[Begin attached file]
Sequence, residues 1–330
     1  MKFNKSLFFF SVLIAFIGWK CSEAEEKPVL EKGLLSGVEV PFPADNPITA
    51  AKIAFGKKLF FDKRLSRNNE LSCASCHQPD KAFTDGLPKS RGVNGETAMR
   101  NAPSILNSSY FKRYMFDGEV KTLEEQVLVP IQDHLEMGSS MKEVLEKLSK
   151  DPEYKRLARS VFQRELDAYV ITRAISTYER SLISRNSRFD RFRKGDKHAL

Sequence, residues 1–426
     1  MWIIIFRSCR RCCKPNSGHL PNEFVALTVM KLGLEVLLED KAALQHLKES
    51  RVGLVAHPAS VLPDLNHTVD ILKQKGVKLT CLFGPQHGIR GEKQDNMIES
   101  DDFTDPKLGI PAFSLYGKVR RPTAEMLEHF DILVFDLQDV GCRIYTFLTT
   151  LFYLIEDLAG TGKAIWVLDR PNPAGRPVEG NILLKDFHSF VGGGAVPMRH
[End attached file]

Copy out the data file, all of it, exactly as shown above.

Sequence, residues 1–330
     1  MKFNKSLFFF SVLIAFIGWK CSEAEEKPVL EKGLLSGVEV PFPADNPITA
    51  AKIAFGKKLF FDKRLSRNNE LSCASCHQPD KAFTDGLPKS RGVNGETAMR
   101  NAPSILNSSY FKRYMFDGEV KTLEEQVLVP IQDHLEMGSS MKEVLEKLSK
   151  DPEYKRLARS VFQRELDAYV ITRAISTYER SLISRNSRFD RFRKGDKHAL

Sequence, residues 1–426
     1  MWIIIFRSCR RCCKPNSGHL PNEFVALTVM KLGLEVLLED KAALQHLKES
    51  RVGLVAHPAS VLPDLNHTVD ILKQKGVKLT CLFGPQHGIR GEKQDNMIES
   101  DDFTDPKLGI PAFSLYGKVR RPTAEMLEHF DILVFDLQDV GCRIYTFLTT
   151  LFYLIEDLAG TGKAIWVLDR PNPAGRPVEG NILLKDFHSF VGGGAVPMRH